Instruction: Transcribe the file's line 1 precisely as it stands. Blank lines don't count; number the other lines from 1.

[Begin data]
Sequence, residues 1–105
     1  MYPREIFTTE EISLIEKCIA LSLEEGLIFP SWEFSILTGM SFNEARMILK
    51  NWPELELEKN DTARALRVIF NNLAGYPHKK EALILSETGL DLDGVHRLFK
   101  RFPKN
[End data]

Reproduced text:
Sequence, residues 1–105